I would argue that Dez is still the Cowboys most dangerous return man, but it is even more unlikely that he will be used there than it is that Elliott will.

The Cowboys should, and I believe will, instead look at their other rookie running back to get some work as a kick returner. Darius Jackson has “breakaway speed” and can score anytime he touches the ball. I apologize for the clichés, but as I talked about in his film review, it is very true.


Most of the questions I have about Jackson are about his ability to be an every down runner, but as a return specialist or specialized offensive weapon, these questions wouldn’t matter much.

So no, it is not likely that Ezekiel Elliott will get a chance to be a returner this season, or any season for the Cowboys.

But just imagine having Zeke and Dez back there waiting for the opening kickoff, ready to put a spike through the opponent’s heart before the offense even gets on the field.

We will just have to settle for them dominating together solely on the offensive side of the ball, I guess.


Die-hard Cowboys fan from the Northeast, so you know I am here to defend the 'boys whenever necessary. Began writing for a WordPress Cowboys Blog, and am currently a college student. Lets get going.

Dallas Cowboys

Should Cowboys Pursue Veteran Backup at Quarterback?

Jess Haynie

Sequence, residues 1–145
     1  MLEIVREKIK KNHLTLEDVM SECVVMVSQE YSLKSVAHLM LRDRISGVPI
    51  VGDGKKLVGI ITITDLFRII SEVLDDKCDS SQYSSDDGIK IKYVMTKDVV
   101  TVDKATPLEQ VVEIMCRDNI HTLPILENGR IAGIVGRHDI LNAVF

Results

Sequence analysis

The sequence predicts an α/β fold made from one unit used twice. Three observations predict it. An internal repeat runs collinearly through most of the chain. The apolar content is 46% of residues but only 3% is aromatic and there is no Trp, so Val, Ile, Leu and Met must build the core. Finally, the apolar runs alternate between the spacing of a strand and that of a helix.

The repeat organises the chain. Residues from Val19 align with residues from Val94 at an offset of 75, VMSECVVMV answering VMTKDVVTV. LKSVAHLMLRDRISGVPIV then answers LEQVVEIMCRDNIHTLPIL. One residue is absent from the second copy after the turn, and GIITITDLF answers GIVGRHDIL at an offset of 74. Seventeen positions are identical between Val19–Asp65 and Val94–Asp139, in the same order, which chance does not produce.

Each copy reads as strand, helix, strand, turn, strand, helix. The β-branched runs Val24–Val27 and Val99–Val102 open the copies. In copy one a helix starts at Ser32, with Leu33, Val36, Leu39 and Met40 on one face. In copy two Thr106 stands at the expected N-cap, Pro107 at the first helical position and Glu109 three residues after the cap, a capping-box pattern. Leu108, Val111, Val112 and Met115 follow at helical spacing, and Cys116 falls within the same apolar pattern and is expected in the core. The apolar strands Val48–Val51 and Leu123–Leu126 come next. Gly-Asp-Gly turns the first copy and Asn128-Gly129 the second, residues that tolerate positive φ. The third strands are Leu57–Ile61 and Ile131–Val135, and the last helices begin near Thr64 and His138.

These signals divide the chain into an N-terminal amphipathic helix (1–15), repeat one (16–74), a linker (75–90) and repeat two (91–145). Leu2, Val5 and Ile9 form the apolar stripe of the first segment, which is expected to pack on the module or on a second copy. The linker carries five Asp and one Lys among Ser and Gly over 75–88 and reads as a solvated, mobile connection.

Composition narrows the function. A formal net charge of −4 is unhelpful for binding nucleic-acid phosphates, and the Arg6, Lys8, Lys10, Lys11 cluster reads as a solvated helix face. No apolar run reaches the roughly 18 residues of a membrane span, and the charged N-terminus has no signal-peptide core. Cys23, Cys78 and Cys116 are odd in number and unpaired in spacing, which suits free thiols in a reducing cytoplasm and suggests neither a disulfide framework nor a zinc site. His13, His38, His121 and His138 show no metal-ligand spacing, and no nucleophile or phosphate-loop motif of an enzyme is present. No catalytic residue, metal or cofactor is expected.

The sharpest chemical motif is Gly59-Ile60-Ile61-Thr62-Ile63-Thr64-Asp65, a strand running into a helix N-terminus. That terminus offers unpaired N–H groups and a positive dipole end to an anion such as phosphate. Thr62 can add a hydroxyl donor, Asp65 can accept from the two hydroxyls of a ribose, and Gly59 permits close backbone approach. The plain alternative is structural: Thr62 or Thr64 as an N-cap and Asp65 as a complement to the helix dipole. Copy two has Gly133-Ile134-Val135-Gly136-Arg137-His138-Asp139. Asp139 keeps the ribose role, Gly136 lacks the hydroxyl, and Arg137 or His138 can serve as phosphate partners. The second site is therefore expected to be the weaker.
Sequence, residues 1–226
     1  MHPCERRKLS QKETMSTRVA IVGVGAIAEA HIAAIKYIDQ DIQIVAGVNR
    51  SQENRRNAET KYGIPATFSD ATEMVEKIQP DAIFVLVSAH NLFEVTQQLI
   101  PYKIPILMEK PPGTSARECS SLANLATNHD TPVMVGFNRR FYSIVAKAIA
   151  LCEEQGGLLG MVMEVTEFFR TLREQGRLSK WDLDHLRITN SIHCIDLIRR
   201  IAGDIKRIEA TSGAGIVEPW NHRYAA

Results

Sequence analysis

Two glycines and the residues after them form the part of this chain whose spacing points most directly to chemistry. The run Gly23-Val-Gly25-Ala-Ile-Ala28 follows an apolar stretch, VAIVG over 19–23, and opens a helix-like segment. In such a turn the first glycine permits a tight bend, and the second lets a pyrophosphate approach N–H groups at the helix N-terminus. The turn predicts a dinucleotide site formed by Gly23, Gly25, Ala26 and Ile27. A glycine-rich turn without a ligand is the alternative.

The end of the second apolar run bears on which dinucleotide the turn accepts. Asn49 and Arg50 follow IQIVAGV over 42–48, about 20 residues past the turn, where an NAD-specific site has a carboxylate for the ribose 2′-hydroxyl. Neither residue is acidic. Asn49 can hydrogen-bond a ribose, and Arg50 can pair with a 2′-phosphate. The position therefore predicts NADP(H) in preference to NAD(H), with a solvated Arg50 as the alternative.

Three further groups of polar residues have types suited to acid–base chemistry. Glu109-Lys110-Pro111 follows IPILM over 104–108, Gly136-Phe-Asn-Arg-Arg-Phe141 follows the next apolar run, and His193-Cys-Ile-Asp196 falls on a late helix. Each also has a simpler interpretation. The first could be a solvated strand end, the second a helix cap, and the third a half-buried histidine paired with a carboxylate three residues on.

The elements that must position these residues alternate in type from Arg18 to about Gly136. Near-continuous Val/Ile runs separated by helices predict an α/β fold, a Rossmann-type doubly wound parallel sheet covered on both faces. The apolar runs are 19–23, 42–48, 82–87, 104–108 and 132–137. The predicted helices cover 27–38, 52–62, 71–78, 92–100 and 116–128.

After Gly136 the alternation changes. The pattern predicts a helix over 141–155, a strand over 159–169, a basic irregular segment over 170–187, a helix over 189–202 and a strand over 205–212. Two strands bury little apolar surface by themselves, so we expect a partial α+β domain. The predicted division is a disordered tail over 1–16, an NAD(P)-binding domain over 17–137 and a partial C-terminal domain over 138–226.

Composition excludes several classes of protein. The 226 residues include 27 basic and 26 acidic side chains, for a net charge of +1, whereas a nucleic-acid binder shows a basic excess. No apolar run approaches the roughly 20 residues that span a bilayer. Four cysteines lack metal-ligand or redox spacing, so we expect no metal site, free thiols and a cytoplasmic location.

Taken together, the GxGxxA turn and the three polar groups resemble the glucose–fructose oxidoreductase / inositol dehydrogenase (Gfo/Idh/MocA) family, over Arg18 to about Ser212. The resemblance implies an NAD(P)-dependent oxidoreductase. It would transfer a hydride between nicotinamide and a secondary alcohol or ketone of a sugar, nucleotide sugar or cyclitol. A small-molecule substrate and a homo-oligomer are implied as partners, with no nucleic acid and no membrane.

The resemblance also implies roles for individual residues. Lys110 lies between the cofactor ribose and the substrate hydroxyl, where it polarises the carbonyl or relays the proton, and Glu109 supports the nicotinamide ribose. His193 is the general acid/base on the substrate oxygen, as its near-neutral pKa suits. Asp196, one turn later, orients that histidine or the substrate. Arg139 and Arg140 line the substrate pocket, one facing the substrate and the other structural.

Cowboys en Español: Cooper Rush
Matthew Emmons-USA TODAY Sports

The Dallas Cowboys only have two quarterbacks under contract right now, starter Dak Prescott and backup Cooper Rush. With only three years of combined experience between them, one could argue that a veteran presence would be useful. Should Dallas make a veteran QB a free-agent priority in the 2018 offseason?

Of course, there’s plenty of other QB experience on the Cowboys staff. Head Coach Jason Garrett played professionally from 1989-2004, and started his coaching career with quarterbacks.

Scott Linehan has been coaching offense with an emphasis on the passing game for 30 years.

Kellen Moore, who is taking over for the departed Wade Wilson as quarterbacks coach, has played very recently and will bring a fresh perspective.

However, losing Wilson’s experience from the room, and the lack of any veteran player at QB, shouldn’t be dismissed.

Dak Prescott has said veteran Mark Sanchez — who was with Dallas in 2016 — was a major help during his whirlwind rookie season. Tony Romo enjoyed veteran advice from guys like Brad Johnson, Jon Kitna, and Kyle Orton throughout his playing career.

This isn’t to say Dallas would want to bring in a veteran to knock Cooper Rush down the depth chart. After a surprising preseason, Rush took the backup job from Kellen Moore and certainly has intriguing upside.

If the Cowboys were to add a veteran, that player would have to come in with the understanding he’s competing with Cooper and may not be guaranteed a job.

The good news is that it’ll be a buyer’s market for veteran quarterbacks this offseason.